Amidst the continuing Common Core conversation, it is vital that states work to improve the educational experiences of all students, especially English Language Learners (ELL) or those learning English as a Second Language (ESL). For the growing number of students learning English as a second language, providing additional language support early can greatly impact the likelihood of success in school. Yet pairing more kids with the support they need remains no easy assignment. Why? The definition of who qualifies as an ELL student still varies greatly from state to state.
An estimated 4.7 million students learn English as a second language in school–a number that could actually be much higher. As I mentioned, definitions of who qualifies as ELL students varies, with some students in one state excluded on criteria that would make them eligible for additional school support in another state. Inconsistent definitions are creating cracks through which more students are likely to fall.
A common definition can’t wait:
3 Reasons for an ELL Common Definition
- Closing the Gap: States are facing widening gaps in educational attainment between ELL students and non ELL students. Reports have consistently shown that students with low proficiency are less likely to graduate as students who are proficient. Likewise, a recent report by the U.S. Department of Education found that just nine states meet all of their federal goals for English-language learner programs. Setting a common definition would provide a clear framework to guide states’ efforts to increase the number of students excelling in all core subjects.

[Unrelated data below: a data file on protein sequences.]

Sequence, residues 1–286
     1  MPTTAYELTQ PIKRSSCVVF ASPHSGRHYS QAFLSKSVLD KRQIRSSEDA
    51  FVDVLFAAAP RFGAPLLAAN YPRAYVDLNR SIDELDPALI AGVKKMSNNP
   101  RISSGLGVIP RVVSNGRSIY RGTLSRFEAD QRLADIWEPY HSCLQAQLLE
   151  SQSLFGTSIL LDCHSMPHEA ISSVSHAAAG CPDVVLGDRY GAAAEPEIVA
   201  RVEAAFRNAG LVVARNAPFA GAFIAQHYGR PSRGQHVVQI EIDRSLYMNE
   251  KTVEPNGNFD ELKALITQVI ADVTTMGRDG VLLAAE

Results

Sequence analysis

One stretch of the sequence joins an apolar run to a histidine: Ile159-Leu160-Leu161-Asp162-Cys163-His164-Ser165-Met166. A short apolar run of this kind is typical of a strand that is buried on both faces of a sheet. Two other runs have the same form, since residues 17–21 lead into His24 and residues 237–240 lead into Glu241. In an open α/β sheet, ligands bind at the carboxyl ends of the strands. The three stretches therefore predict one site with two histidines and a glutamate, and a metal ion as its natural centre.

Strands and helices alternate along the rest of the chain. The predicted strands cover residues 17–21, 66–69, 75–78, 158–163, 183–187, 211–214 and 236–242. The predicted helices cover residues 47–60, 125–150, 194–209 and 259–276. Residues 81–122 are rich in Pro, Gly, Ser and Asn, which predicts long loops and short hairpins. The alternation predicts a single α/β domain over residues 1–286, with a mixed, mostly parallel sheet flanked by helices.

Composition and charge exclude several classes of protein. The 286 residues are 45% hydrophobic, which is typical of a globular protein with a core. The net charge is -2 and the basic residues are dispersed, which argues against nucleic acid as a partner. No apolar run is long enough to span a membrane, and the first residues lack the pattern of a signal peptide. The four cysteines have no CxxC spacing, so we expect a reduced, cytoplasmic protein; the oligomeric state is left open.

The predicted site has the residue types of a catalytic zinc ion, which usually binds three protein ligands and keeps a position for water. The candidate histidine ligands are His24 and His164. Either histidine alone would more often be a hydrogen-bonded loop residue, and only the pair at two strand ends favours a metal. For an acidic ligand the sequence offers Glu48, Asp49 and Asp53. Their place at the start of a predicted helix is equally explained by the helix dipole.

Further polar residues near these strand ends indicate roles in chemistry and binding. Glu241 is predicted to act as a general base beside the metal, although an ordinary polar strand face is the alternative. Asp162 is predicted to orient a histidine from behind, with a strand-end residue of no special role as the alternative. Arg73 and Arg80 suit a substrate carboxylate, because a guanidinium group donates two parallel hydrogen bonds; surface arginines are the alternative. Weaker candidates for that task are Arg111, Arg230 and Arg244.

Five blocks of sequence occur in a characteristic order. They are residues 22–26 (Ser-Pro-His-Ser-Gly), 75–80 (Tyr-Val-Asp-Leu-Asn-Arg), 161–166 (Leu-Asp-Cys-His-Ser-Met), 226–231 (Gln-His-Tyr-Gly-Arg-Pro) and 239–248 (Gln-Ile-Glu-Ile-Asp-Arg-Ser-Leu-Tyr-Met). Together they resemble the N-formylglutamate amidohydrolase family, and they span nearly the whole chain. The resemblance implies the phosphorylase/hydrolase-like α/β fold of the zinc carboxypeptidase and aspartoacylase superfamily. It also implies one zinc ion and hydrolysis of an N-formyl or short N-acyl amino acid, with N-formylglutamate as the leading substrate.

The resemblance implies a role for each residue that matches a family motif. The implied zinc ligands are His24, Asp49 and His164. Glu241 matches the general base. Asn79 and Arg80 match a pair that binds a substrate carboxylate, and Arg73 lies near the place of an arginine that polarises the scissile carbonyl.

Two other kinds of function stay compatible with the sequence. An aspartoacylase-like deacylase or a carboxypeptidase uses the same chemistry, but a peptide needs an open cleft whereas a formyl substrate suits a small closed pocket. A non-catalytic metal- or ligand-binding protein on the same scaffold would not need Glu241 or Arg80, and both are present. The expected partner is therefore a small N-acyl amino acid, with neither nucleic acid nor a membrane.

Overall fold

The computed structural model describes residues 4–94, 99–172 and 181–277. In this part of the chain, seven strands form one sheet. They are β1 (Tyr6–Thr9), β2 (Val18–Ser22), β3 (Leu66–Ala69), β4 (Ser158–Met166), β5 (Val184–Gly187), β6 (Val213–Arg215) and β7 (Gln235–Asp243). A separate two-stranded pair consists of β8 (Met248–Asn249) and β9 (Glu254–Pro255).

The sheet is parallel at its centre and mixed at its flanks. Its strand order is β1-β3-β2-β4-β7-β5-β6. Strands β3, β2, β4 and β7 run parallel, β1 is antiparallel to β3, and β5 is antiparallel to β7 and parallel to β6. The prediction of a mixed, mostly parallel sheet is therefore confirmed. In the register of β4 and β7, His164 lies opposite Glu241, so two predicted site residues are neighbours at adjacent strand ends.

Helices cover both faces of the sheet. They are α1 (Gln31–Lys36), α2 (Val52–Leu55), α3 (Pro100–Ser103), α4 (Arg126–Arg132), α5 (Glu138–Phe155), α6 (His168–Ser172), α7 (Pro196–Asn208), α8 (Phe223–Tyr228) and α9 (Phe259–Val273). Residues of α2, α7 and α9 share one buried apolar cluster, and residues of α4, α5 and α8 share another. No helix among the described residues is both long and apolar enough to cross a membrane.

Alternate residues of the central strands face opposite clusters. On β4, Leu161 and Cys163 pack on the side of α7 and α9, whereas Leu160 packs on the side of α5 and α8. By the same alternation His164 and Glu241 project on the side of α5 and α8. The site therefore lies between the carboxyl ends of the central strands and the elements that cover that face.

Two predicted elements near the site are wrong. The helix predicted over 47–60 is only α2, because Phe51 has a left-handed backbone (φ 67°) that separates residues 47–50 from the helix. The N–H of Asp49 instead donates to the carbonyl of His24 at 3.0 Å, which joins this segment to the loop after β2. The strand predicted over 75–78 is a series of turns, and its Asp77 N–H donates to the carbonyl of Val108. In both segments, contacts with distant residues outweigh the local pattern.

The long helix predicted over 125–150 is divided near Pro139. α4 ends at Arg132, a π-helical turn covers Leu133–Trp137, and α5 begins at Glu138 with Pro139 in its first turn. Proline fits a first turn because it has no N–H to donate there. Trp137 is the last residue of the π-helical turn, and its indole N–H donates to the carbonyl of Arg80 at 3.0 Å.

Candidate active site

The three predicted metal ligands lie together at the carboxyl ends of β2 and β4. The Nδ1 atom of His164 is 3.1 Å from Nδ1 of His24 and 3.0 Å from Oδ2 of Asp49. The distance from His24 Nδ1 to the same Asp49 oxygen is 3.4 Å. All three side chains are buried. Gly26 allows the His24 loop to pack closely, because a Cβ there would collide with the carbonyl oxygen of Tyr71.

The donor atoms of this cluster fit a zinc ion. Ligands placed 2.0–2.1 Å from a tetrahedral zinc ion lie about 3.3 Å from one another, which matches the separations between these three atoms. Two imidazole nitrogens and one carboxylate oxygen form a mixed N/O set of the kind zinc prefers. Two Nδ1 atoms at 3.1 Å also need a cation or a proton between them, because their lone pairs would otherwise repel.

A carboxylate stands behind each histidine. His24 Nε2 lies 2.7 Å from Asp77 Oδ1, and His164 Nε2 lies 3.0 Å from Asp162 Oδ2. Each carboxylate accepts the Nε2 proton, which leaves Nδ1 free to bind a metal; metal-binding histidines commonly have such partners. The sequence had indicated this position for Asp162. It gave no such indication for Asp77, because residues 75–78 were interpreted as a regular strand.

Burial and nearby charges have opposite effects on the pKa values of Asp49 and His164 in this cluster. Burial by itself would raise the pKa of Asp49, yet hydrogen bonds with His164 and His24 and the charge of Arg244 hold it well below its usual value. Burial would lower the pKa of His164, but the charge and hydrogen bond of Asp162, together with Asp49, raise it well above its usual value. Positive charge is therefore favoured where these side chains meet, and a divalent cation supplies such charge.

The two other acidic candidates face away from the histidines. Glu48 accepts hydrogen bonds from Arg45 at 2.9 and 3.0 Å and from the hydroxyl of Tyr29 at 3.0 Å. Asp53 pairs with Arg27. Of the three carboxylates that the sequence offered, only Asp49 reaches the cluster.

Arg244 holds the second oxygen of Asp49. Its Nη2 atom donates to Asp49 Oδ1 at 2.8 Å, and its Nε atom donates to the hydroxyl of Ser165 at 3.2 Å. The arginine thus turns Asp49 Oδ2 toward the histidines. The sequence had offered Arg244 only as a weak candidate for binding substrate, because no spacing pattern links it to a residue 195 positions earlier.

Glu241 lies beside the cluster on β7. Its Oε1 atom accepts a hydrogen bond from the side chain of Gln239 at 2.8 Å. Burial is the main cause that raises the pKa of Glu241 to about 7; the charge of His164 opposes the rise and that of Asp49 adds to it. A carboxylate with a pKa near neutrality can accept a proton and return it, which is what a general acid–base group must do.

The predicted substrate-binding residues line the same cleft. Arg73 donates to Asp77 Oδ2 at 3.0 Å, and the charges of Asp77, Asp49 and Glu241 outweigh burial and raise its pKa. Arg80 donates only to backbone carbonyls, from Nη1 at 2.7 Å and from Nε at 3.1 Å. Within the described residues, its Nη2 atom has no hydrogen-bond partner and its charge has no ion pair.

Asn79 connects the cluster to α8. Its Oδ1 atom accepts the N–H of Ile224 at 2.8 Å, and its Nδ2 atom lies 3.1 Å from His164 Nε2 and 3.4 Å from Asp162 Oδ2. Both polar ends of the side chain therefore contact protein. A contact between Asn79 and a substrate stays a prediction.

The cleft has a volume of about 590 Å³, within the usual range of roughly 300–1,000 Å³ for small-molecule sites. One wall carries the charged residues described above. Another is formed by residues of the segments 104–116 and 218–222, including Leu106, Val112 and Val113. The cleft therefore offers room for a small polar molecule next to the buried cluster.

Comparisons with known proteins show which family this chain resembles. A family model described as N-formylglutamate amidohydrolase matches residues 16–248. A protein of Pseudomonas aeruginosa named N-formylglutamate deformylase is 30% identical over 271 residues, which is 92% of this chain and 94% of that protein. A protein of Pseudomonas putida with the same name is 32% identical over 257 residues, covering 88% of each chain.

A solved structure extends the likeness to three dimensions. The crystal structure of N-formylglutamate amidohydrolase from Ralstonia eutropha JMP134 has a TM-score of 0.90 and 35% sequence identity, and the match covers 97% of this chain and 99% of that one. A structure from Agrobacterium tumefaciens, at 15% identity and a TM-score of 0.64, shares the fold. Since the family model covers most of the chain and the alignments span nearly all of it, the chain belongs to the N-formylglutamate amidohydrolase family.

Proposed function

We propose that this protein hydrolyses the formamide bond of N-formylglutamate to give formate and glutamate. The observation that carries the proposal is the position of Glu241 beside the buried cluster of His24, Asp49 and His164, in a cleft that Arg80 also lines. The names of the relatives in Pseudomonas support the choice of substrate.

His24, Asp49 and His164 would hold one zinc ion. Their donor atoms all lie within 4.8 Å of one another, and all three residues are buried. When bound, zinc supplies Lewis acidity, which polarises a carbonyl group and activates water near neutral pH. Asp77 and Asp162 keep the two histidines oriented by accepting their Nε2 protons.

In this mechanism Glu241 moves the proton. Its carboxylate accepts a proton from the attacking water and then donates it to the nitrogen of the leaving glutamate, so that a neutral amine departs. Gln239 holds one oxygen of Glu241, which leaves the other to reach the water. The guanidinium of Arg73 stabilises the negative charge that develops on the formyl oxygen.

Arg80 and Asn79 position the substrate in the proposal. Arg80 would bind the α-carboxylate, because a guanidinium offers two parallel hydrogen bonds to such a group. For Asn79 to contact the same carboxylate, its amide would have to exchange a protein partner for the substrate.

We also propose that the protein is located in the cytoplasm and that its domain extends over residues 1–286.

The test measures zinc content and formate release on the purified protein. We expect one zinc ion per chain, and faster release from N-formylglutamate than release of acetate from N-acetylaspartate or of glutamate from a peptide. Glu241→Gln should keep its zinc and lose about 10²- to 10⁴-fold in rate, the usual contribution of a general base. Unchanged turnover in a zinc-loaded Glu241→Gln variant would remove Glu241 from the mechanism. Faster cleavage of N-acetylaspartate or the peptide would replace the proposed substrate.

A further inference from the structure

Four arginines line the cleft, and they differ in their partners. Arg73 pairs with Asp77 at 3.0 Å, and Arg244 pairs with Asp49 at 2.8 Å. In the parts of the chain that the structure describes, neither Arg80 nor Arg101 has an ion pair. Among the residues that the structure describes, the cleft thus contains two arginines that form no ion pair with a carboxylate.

- Innovation in Learning Models: Well defined qualifications for ELL students could enable schools to adopt new educational models that better serve students. In Las Vegas, NV, for example Zoom Schools, or specialized learning centers, emerge from the growing number of students needing language services.
- Eliminating Stigma: A groundbreaking short film, Immersion, depicts one ELL student as he struggles to learn in a new country and a new language. Being neglected by overburdened teachers and teased by insensitive classmates, the film brings to life the real challenges of ELL students to overcome stigmas language barriers can breed. The testimonies of real students who shied away from education prior to receiving additional language support gives urgency to the need for a common definition that quickly links students with effective language training.
A colleague recently recounted the confusion she felt as child placed in an ESL program despite the fact that English was her native language. Instances of students being misclassified as ELL students because of their ethnic sounding last names persists and derive from faulty determining criteria.
Enacting a common definition for ELL students is a much needed step towards improving the quality of education for these students. In addition to creating more streamlined learning experiences, Stateline reports that establishing a common definition could draw more federal funding for ESL programs. This is particularly important as the government looks to better measure the progress ELL students make in educational attainment.
As states take new strides to establish common standards for education we must not overlook the incongruent standards that frame the daily experiences of English Language Learners. Our schools remain the most accessible gateways for students learning English as a second language to develop skills vital to the future of their education and lives. For parents, teachers and mentors alike we must raise our voice in support of a common definition–one that will connect more students with language support early and provide new tool for families integrating into American school systems.
An education policy wonk at the Georgia Center of Opportunity, Aundrea Gregg holds a Master’s degree in Social Policy and Planning from the London School Of Economics and a Bachelor’s in Classical Civilizations and Political Science from Howard University. She also is a nail painting enthusiast and writer living in Atlanta, GA. Connect with Aundrea on Twitter or Google+.
Edited by: Viviana Hurtado, Ph.D.What other ways we improve education for English Language Learners?